Nick Frost has worked with Simon Pegg and Edgar Wright for 15 years, starting with the cult British television show, “Spaced.” From there, the three men would go on to make “Shaun of the Dead,” “Hot Fuzz” and “The World’s End,” which is also known as the Three Flavours Cornetto Trilogy. Frost and Pegg also worked together on the sci-fi comedy “Paul” and Steven Speilberg’s first foray in animation, “The Adventures of Tintin.”
With his latest film “Cuban Fury,” Frost gets the chance to be the leading man for the first time opposite Chris O’Dowd (“Bridesmaids”), Rashida Jones (“Parks and Recreation”) and Ian McShane (“Deadwood”). Frost plays Bruce, a former salsa dancer who finds his passion reinvigorated when he finds out his new American boss Julia (Jones) likes to dance salsa. However, the clock is ticking as his arrogant and horny co-worker Drew (O’Dowd) is planning to make his move on Julia soon. With the help of his sister Sam (Olivia Colman) and old mentor Ron (McShane), Bruce must learn to channel his inner fury to unleash some wicked dance moves. I had the chance to participate in a roundtable interview with Frost as he talked about Latin culture and working with O’Dowd.
You have played many roles whether it was as a man-child, a baby eater, a drug dealer or a slacker. I’ve noticed that with “The World’s End” and this movie, you are playing characters that are more mature compared to your co-stars like Simon Pegg and Chris O’Dowd. Do you look for more roles like the ones you’ve done recently compared to your earlier roles in order to avoid being typecast?
Nick Frost: I think the easy answer to that is that I am just kind of getting older. I am no longer young enough now to play a 25-year-old slacker who puffs away all day. In terms of life for me, it’s not really black or white whether something’s funny or serious. I don’t see why you can’t have a character that happens to be funny and sad. That to me seems more like real life. In terms of “The World’s End” and this movie, technically, the person at the center of the film is rarely the funniest. You sometimes surround yourself with a satellite of “Kramers” for instance. (Jerry) Seinfeld wasn’t the funniest character in that show. It’s also about the film. I’m not a vain person who sits and read the script and says, “This guy’s got more lines than me so let’s see what’s my single ratio.” For me and for Simon and Edgar, it’s about the film. If it’s good for the film, then it is good for me in the long term. If I have to be Danny Butterman in a film, than I’ll be that, but if I have to Andy Knightley, then I’ll be that. It’s doesn’t bother me. I wasn’t trained as a comedian. I was a smart ass that people laughed at. I never trained to do that. Just to pigeonhole yourself just to do that, it just seems kind of bonkers.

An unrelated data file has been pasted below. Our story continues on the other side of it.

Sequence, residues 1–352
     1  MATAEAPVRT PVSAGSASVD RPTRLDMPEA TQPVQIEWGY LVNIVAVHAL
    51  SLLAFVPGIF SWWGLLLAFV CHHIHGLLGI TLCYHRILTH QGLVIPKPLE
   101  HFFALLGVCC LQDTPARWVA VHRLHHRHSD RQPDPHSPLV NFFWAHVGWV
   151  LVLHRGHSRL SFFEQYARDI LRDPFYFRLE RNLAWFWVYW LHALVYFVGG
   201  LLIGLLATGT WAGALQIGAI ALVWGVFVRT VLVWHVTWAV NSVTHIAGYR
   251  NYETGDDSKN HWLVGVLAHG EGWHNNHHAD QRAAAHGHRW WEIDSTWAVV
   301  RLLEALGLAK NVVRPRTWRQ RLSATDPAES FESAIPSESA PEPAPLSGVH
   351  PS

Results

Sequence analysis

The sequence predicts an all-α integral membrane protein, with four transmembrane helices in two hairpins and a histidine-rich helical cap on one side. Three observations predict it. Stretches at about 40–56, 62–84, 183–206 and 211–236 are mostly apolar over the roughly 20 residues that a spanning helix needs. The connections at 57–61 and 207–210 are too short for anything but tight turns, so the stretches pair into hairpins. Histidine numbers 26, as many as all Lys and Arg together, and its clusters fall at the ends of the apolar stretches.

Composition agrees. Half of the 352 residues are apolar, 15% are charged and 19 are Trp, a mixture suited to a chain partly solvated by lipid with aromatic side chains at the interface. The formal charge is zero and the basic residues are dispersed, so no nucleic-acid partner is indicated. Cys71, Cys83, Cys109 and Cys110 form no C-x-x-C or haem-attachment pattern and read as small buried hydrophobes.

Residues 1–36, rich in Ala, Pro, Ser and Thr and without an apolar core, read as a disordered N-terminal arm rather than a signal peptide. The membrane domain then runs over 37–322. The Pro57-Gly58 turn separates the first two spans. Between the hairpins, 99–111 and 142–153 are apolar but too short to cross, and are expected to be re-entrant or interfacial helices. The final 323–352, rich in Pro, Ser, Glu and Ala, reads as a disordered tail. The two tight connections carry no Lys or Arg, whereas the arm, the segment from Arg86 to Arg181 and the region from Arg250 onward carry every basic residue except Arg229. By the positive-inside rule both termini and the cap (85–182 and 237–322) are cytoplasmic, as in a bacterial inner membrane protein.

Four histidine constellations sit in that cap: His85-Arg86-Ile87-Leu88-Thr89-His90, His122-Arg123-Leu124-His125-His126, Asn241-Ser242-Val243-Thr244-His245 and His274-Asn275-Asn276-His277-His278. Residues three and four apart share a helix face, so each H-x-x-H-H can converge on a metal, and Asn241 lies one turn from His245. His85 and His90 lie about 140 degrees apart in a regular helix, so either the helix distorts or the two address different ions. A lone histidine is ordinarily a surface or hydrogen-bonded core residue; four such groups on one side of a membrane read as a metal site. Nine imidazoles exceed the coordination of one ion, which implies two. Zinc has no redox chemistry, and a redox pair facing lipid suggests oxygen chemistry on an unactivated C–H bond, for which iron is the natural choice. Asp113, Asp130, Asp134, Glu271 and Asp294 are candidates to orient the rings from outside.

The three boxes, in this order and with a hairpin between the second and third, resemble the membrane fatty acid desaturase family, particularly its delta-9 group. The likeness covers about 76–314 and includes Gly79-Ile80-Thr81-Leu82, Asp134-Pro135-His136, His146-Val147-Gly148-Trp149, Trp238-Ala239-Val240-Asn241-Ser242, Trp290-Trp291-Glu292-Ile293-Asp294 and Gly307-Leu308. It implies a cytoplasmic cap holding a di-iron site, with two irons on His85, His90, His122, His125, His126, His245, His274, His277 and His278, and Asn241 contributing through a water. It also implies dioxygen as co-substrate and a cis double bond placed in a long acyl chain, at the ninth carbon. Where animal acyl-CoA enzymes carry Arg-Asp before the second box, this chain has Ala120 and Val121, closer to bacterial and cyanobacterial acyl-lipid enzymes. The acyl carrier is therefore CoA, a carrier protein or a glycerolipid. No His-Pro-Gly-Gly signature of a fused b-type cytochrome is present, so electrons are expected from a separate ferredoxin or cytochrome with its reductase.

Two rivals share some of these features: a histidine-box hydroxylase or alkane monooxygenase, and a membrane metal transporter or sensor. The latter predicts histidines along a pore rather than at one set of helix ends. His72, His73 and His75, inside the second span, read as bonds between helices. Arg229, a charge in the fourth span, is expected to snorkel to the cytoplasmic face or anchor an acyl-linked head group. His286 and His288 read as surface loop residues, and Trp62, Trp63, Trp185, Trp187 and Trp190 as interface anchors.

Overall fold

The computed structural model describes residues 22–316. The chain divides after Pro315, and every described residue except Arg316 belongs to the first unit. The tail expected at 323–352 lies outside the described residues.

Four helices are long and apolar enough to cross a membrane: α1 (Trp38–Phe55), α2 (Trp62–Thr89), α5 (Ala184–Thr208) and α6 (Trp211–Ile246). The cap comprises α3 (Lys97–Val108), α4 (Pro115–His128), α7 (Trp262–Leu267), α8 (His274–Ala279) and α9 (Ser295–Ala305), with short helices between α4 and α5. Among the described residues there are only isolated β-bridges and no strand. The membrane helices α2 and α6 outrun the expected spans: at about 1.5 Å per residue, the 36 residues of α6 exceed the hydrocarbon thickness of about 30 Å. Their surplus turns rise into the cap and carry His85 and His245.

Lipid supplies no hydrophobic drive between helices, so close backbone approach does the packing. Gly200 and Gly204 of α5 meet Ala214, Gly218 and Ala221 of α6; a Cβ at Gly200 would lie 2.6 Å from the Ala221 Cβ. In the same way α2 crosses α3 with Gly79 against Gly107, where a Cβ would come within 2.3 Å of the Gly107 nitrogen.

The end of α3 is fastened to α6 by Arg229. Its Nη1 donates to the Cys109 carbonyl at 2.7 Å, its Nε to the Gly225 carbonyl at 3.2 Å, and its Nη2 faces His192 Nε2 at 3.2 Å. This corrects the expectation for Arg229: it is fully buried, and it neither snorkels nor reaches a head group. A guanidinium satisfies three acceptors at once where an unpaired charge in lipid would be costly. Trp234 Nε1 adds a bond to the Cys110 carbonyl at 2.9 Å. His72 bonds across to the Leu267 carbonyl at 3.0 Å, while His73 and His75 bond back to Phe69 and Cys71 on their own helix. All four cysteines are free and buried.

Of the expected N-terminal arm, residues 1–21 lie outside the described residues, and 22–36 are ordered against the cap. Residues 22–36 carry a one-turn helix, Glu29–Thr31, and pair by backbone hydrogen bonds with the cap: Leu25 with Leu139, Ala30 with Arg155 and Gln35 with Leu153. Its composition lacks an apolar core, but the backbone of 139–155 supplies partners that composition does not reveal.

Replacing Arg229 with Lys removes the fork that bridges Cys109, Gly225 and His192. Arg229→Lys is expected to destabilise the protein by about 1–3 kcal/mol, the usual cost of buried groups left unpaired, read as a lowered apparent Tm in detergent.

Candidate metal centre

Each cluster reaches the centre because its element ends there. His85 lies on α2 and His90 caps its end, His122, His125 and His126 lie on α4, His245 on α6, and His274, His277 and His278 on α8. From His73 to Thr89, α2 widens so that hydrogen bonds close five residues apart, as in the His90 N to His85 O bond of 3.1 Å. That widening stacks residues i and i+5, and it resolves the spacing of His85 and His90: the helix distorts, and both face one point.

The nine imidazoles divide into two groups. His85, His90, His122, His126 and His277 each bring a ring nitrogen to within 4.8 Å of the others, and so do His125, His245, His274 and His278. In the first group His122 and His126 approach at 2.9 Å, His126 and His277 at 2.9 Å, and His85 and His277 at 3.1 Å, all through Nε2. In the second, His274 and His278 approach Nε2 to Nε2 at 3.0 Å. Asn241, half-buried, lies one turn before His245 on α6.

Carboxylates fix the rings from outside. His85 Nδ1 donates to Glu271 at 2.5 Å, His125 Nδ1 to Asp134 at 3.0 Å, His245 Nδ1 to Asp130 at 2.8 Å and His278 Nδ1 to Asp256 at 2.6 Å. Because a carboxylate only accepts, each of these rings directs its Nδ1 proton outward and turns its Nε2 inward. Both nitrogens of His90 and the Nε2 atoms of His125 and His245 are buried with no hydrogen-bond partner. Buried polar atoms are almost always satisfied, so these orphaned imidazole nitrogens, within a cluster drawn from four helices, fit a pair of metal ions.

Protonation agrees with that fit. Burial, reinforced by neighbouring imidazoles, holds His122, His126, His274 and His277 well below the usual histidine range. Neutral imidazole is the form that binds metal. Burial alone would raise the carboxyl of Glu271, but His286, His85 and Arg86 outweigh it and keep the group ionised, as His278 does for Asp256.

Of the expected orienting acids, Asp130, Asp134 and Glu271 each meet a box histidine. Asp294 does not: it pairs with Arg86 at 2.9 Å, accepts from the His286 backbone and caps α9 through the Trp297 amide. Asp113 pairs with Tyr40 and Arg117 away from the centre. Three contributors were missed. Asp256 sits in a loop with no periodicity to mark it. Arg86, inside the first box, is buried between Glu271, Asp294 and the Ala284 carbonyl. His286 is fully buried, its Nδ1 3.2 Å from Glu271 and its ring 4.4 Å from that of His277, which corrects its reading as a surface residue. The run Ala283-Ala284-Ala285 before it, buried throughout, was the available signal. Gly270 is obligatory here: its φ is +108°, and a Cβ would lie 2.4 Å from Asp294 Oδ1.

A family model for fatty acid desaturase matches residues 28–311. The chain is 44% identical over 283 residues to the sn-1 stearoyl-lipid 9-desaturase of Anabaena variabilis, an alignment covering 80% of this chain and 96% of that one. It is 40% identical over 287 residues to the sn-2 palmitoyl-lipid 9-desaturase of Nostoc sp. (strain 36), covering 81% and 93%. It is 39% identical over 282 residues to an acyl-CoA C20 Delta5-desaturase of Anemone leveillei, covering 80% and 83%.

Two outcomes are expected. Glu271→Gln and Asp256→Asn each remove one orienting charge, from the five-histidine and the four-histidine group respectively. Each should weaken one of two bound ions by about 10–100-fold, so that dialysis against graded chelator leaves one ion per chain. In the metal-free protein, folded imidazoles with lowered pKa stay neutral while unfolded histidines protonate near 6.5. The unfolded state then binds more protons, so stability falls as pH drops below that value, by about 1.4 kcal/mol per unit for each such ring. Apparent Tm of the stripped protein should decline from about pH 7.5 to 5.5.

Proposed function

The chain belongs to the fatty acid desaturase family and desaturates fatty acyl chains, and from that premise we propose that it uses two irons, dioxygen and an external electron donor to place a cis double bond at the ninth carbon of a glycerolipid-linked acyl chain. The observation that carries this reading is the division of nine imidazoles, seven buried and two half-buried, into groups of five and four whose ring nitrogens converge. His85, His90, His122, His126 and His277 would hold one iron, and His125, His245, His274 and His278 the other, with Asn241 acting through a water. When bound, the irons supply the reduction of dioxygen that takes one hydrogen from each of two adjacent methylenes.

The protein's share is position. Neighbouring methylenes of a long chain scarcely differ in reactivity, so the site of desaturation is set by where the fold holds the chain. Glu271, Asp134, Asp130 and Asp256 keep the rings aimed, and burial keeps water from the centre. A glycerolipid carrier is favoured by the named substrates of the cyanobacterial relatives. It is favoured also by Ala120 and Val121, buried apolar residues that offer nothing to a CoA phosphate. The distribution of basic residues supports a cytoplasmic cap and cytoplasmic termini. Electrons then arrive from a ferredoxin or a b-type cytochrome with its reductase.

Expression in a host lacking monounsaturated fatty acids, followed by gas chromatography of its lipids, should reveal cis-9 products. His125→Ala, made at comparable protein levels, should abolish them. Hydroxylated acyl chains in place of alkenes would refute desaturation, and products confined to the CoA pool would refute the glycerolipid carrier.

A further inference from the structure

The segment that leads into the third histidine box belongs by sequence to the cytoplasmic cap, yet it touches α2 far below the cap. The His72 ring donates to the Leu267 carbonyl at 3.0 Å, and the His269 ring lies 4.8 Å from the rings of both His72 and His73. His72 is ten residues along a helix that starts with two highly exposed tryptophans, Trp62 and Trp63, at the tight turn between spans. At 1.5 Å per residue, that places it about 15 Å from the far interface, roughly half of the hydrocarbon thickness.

Were there any preconceptions you might have had with Latin culture and Salsa music in general that were shattered when you did this film?
Frost: I think the saddest thing that I’m about to say to you right now is the fact that I had no preconceptions about Latin culture and I think that was a failing in my character. I’ve seen soccer fans from Mexico and from Brazil and thought that they were about samba and winning every World Cup (laughs). That was my only preconception about Latin culture. I think I was a blank canvas when I went into the training period, where I immediately met some of the most amazing people I’ve ever met. I realized there was a direct correlation between happiness and dancing. I must have hundreds of people in that training process and every one of those people were massively welcoming to me and honored that we would make a film about their culture and not be a parody of itself. It was important that the salsa was accurate. They taught me thinks and showed me bits and pieces and the girls talked to me. They made me feel welcome. Today, I did three Spanish-speaking TV stations and when I left there, I felt like I was leaving a family event. In our odd world that we live in, that’s counter-intuitive. We want to be on our own and you can’t talk to anyone, but it’s not like that in the Latin culture.